Five things we loved about Tooting Festival of the Dead

Poppy Mardall speaking at Tooting Festival of the Dead 2023

Two minute read

This October, Tooting held its second festival of the dead this year with a focus on exploring the ancient tradition of Samhain. In this blog, our founder Poppy Mardall shares five things she loved about taking part in the festival.

1. Making connections

What an incredible opportunity it was to have a local, community event which connected us to nature and the land, to ancient traditions, to the seasons, to our deepest feelings and to each other!

The festival provided a real space for connection and conversation, with a wide variety of people sharing the same desire to be connected to something deeper, not structured by formal faith or tradition.

As Poppy’s, we also made connections with our local community during the festival hosting a death café in Tooting library and opening up our mortuary doors to invite people in to visit.

2. Encountering new ideas and experiences

There was such breadth and depth to the festival! There was everything from a climate café to children’s games to a meditative flower-arranging workshop. Each event fed into the next, especially when you were often sharing each experience with the same people.

There was a session about land rights and an exploration into the roots of Samhain from a professor specialising in Paganism and Indigenous religions.

Within that variety, everything was rooted in the same theme and provided different ways to reflect on the same questions: Where are we now? How have we got here? And where could we go from here?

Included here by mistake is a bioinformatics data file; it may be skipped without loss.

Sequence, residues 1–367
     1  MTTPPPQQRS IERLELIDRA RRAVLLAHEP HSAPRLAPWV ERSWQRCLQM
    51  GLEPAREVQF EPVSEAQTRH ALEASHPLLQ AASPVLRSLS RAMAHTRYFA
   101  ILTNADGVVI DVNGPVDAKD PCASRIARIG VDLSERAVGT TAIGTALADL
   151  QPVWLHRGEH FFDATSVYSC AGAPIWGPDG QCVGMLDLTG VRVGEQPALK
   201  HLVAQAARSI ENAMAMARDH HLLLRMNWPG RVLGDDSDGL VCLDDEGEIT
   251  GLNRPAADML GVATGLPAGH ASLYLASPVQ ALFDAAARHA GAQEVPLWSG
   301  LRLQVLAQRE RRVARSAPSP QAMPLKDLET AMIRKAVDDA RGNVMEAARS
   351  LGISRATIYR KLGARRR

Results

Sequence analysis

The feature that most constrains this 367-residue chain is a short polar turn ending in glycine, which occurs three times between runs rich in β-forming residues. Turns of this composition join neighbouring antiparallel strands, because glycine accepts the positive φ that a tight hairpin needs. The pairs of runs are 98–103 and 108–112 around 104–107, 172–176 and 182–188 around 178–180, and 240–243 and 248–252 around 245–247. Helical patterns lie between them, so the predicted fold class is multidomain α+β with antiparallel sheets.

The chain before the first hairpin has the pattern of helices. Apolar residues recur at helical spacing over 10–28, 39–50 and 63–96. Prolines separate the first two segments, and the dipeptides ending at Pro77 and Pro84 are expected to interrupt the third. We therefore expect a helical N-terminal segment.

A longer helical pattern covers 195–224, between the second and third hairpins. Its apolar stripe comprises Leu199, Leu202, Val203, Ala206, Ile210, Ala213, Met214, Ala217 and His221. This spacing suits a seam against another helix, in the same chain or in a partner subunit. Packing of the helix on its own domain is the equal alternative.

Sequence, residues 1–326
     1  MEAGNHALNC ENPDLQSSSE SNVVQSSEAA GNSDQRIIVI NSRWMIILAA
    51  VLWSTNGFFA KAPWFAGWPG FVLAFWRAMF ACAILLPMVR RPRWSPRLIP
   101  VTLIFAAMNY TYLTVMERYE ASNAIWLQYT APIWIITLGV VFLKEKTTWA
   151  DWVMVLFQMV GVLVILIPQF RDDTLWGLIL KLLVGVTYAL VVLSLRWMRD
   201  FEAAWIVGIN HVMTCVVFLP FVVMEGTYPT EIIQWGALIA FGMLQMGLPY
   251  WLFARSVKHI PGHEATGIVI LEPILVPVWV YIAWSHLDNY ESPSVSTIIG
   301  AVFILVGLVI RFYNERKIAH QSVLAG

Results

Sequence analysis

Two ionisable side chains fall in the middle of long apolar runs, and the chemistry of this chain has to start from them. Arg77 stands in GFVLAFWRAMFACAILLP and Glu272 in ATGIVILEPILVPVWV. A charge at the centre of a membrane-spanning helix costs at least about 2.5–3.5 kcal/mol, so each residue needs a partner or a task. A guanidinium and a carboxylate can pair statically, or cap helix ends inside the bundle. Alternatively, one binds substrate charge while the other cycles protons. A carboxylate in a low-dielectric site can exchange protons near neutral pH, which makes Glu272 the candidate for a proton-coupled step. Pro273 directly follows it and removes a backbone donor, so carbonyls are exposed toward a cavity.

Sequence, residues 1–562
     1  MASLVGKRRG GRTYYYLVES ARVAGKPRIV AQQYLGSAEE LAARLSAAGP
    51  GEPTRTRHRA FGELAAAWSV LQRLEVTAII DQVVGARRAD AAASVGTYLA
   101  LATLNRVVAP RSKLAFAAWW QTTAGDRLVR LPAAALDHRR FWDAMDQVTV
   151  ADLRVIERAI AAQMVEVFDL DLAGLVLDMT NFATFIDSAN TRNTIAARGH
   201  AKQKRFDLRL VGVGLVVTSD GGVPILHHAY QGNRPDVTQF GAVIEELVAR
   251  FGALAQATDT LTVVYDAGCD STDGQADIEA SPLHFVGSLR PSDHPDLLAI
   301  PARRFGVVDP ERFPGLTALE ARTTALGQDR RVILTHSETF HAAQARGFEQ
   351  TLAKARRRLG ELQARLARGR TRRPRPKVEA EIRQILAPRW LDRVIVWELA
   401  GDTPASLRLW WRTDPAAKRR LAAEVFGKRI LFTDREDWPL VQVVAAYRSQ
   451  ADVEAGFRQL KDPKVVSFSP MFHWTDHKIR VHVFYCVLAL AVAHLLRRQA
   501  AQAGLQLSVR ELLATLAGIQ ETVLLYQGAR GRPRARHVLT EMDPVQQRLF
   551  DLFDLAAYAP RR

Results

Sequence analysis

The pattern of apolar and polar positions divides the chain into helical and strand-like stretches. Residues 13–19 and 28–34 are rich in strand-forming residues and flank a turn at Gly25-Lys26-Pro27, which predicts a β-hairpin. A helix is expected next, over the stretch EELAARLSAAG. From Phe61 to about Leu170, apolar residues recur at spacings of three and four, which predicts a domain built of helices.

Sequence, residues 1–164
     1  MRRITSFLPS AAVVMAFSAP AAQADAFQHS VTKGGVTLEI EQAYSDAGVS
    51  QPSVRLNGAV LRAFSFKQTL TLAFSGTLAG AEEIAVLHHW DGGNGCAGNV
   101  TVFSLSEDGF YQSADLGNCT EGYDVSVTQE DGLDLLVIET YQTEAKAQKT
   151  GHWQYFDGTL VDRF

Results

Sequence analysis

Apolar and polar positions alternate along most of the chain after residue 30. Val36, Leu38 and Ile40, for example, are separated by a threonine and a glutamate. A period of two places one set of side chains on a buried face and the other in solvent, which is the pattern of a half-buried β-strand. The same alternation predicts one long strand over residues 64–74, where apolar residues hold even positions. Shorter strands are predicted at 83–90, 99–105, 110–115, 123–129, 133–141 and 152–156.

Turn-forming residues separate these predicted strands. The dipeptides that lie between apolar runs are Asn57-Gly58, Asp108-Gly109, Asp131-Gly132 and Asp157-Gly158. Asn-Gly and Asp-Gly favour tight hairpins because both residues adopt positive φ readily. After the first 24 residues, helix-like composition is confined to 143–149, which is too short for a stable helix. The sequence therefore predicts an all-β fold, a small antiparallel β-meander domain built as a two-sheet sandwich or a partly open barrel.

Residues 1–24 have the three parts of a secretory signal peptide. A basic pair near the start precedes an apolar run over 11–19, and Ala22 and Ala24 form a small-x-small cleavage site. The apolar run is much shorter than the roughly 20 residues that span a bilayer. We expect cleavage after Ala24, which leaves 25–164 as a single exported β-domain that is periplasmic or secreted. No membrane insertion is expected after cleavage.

3. Getting up early

We gathered on Sunday morning on Tooting Common to greet the dawn. It was amazing. We said some beautiful words and when the gong was struck, the sound rang out across the pond. Even the swans came over to join us!

Sunrise event at Tooting Festival of the Dead 2023

4. Different ages celebrating together on common land

The closing gathering on the common on Sunday evening was full of young children and their parents.

There were drummers, morris dancers, even a fire eater. Food and drink, of course, as well as a series of little fire pits and a beautiful altar built out of wooden pallets, decorated with lights and papier mâché lanterns.

5. Opening up conversations

I felt a real sense of relief from the people who came along to the death café or to Poppy’s open day to be able to have a conversation about death that felt normal and natural!

My sense is that just like with other taboo topics every single one of us longs to have these conversations, but we don’t all have the opportunity or the sense of security to enable them to happen.

To me, this festival felt like it was part of a wider web of activity, speaking to some of the bigger questions we have as a society, whether about death or climate, well-being and mental health or community.

It was much more than a one-off event. The impact of those conversations will continue for a long time to come.

Read our recent interview with June Boyce-Tillman about why we need ritual or find out more about what a death café involves.

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